December 27, 2007
For Immediate Release
For more information contact:
Katharine Burnham, 202-415-5742
Pam Baker, 361-510-5743
(Washington, DC – December 27, 2007) One year after an innovative management system was applied to the red snapper fishery in the Gulf of Mexico, preliminary data shows that wasteful discards are down by at least 50 percent, the fishing season has tripled, and the value of the fish at market has increased.
“The rules we worked under for a decade weren’t working,” according to Captain Donny Waters, a 20-year veteran of the red snapper fishery. “Long season closures coupled with size restrictions and daily catch limits were intended to save fish, but instead they forced fishermen to discard huge numbers of dead fish. The ‘race-for-fish’ cut my profits, put my life at risk and wasted so many fish that we couldn’t rebuild the stock.”
These changes have come from the implementation of a catch share program called an Individual Fishing Quota (IFQ) system. Regulators allocate a portion of the catch to each fisherman as a secure fishing privilege. Fishermen then have the flexibility to buy and sell shares with other boats, and catch their allotment any time during the year when weather and market conditions are right. In turn, they comply with strict high-tech, real-time accountability requirements that closely track fish and fishing activities.
“This is an impressive victory for the Gulf fishermen who worked to build support for the catch share system. The success of this program proves that when fishermen have an economic stake in the health of a fishery, big improvements are possible,” said David Festa, Oceans Program Director for Environmental Defense.
With implementation of an IFQ system, the red snapper fishing season transitioned from a 10- day–per-month fishing season to unrestricted days at sea. This flexibility now allows fishermen to catch and sell red snapper throughout the year, resulting in safer and more sustainable fishing practices, a stabilized market, and a higher price for the commodity.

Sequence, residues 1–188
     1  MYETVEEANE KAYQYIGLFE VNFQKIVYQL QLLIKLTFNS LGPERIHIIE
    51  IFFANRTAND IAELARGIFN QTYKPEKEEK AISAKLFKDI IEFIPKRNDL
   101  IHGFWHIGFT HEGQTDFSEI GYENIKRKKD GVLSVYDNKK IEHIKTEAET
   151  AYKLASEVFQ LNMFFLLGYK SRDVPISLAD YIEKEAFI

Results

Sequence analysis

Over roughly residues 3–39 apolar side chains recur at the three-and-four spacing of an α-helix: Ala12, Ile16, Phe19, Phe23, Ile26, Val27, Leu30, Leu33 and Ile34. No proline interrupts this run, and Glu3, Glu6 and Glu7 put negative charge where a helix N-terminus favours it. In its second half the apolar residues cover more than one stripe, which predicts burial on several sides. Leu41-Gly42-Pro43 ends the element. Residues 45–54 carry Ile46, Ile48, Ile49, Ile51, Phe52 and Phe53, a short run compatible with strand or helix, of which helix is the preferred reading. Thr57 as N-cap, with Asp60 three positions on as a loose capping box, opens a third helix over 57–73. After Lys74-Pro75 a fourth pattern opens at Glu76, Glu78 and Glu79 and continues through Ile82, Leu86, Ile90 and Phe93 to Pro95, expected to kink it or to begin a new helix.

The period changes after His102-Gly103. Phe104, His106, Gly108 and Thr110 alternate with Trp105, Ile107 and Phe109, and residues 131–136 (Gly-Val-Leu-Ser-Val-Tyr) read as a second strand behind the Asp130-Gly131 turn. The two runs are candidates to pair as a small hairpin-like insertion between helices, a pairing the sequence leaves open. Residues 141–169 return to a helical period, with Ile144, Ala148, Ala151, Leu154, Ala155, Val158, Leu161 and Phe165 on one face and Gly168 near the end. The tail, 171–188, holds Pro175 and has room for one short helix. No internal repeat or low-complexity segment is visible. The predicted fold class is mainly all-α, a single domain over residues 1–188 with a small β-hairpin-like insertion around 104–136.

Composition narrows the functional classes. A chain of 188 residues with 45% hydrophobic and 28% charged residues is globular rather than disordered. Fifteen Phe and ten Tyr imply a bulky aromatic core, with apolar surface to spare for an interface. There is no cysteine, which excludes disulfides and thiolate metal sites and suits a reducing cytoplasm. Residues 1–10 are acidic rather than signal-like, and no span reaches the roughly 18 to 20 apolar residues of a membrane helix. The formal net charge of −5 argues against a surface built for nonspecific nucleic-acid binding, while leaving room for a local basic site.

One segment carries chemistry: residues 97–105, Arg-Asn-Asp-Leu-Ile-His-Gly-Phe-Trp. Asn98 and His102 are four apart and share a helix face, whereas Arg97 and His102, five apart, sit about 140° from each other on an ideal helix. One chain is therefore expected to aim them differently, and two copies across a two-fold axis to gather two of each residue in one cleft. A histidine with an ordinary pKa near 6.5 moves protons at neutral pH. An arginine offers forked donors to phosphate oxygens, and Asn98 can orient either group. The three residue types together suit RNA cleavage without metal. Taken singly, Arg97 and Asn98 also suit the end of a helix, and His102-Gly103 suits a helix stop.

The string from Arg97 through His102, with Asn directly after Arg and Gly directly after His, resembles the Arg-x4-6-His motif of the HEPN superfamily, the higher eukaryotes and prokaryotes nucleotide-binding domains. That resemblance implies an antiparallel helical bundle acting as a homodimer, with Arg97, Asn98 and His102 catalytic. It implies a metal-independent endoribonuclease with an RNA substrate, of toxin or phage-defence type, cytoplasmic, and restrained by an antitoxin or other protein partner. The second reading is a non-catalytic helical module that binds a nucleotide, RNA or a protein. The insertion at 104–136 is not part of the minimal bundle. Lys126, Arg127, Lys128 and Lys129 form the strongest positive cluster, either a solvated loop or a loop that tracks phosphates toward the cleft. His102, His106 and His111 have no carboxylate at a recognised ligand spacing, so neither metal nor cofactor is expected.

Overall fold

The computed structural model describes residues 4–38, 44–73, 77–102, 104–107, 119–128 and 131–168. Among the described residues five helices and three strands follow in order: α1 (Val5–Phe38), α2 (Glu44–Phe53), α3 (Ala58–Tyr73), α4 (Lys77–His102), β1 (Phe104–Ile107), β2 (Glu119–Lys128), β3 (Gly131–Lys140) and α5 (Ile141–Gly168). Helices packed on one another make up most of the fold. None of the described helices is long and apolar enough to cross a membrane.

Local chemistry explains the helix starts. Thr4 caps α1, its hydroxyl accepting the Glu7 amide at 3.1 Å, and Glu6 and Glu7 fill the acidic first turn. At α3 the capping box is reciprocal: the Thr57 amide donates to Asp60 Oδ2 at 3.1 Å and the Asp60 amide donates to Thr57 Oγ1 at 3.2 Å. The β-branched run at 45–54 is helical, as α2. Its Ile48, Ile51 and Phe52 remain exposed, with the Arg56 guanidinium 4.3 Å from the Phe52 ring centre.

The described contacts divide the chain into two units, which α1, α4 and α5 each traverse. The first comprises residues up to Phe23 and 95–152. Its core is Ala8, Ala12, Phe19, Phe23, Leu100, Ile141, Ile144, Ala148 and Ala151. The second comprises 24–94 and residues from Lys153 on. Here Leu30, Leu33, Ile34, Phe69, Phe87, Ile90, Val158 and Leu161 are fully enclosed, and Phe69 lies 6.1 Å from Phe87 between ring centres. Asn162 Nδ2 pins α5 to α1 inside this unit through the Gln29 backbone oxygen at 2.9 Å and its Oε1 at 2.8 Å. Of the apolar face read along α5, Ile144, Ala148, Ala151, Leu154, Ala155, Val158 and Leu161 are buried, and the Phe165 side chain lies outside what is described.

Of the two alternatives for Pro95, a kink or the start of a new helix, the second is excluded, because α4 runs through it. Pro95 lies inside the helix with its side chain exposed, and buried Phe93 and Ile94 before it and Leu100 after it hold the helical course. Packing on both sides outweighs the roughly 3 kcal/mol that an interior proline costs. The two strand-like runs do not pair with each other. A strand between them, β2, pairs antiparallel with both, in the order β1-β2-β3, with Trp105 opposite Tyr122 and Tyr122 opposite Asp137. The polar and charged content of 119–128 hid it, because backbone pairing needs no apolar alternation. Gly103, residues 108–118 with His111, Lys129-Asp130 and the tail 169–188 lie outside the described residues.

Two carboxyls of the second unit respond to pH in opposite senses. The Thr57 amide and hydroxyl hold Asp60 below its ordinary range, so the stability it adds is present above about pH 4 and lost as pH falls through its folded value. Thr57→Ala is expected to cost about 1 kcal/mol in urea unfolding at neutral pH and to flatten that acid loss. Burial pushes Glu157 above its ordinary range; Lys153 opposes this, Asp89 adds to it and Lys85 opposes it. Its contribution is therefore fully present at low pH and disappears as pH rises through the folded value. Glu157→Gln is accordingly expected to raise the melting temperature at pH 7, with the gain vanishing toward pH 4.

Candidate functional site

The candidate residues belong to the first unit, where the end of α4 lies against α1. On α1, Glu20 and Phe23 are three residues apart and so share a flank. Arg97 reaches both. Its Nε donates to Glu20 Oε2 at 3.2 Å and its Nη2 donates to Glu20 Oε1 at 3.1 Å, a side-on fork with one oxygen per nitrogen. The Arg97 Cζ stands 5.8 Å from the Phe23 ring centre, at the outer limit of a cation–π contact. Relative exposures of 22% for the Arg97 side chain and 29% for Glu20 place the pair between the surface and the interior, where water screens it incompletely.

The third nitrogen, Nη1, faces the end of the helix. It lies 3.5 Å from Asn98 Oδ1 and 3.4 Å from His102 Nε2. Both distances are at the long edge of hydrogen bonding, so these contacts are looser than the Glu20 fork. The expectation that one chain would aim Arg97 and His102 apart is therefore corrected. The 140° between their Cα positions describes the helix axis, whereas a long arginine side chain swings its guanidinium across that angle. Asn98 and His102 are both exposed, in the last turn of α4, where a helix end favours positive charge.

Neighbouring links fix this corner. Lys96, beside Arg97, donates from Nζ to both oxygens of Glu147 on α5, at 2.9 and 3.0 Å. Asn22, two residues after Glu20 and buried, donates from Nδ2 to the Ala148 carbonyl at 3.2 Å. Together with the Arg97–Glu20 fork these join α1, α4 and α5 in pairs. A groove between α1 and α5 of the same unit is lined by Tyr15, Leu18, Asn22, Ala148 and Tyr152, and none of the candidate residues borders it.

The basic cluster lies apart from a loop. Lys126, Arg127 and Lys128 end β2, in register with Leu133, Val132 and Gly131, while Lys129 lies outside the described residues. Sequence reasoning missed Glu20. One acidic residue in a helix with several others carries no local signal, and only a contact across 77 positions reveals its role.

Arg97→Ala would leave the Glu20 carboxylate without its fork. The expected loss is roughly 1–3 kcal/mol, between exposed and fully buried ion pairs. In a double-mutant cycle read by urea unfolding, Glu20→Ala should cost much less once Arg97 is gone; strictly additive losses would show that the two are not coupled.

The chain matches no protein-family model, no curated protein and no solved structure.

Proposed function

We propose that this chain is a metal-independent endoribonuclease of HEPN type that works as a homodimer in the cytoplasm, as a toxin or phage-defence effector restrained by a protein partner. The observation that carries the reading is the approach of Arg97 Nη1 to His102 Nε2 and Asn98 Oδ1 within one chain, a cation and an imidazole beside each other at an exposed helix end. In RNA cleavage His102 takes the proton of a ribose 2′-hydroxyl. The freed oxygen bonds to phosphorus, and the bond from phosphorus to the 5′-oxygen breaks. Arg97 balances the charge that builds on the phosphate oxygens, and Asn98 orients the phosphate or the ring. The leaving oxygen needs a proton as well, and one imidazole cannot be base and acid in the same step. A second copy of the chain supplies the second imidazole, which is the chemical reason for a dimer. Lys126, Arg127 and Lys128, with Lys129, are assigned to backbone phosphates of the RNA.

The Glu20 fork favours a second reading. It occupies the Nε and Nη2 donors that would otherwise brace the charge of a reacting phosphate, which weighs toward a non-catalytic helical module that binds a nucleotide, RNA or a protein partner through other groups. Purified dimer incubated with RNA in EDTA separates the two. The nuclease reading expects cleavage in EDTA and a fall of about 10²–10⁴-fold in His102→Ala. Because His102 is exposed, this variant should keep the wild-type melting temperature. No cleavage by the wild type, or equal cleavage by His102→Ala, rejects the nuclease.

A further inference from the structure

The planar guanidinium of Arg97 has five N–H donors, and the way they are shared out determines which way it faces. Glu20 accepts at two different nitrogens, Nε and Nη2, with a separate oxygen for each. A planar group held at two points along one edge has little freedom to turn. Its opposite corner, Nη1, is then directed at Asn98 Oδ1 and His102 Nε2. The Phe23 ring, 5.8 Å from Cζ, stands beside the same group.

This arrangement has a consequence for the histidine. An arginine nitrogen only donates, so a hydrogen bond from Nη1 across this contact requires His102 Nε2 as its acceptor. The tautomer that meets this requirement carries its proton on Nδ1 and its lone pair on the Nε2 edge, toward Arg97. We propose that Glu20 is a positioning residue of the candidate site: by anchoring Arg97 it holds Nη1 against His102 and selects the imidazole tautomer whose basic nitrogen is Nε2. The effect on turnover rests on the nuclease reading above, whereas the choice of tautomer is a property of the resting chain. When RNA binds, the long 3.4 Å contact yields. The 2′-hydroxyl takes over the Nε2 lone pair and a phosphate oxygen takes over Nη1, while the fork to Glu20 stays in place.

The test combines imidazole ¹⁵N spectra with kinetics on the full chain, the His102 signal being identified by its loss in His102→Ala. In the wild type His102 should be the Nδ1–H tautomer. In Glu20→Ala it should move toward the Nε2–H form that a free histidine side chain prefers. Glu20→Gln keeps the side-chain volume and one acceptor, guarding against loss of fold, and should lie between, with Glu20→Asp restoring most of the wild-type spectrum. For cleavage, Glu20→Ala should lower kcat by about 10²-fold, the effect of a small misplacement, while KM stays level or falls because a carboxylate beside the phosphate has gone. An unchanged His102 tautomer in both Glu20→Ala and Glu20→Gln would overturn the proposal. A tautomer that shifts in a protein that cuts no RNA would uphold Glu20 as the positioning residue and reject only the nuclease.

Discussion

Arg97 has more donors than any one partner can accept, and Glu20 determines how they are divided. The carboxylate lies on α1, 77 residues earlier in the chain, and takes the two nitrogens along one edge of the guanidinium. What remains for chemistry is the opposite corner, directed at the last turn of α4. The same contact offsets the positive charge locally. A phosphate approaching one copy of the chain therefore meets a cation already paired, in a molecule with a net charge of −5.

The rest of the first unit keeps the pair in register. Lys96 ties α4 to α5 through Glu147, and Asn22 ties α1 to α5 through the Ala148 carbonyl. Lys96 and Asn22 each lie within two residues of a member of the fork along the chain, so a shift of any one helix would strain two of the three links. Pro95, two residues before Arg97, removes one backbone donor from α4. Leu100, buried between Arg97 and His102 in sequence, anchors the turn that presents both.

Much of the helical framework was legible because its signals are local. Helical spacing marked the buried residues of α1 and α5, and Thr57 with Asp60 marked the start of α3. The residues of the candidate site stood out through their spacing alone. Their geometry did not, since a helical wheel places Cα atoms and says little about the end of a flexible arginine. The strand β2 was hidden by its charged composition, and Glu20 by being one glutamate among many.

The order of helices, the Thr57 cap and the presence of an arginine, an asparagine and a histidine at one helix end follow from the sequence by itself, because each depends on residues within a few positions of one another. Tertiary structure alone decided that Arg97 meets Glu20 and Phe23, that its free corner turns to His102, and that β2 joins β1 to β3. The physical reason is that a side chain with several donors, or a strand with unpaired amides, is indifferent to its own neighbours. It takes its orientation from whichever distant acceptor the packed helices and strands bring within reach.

In addition, a size limit was lowered to reduce the waste of fish. By decreasing the size from 15 inches to 13 inches, fishermen can now keep and sell fish that they, under the old system, would have thrown back into the ocean dying or dead. The practice of discarding unwanted fish is a major contributor to the overfishing problem in the U.S. and around the world. A reduction in discards was shown in a recent report by Environmental Defense to be a constant where catch shares systems are adopted.
“Before IFQs, regulations forced us to throw away huge numbers of fish that were smaller than the limit or caught out of season,” said Waters. “Now I can harvest and account for the fish I catch while getting record prices.”
The red snapper catch share program is the first such program enacted for a major fishery in the United States since Congress put new rules in place to end overfishing. The success of the program bodes well for similar programs proposed in New England, the Gulf, and the West Coast.
“The positive change in the health of the red snapper fishery over the past year should be welcomed by other fishermen and regulators currently reviewing whether a catch share system is right for additional troubled species,” said Festa.
In addition to the environmental successes of the red snapper catch share, consumers also benefit from the new system. Now that boats are delivering a constant supply of product, consumers can buy healthy, local, fresh seafood year round.
Ed note: To arrange an interview with participating fishermen please call contacts above.
Environmental Defense, a leading national organization, represents more than 500,000 members. Since 1967, Environmental Defense has linked science, economics, law and innovative private-sector partnerships to create breakthrough solutions to the most serious environmental problems. www.environmentaldefense.org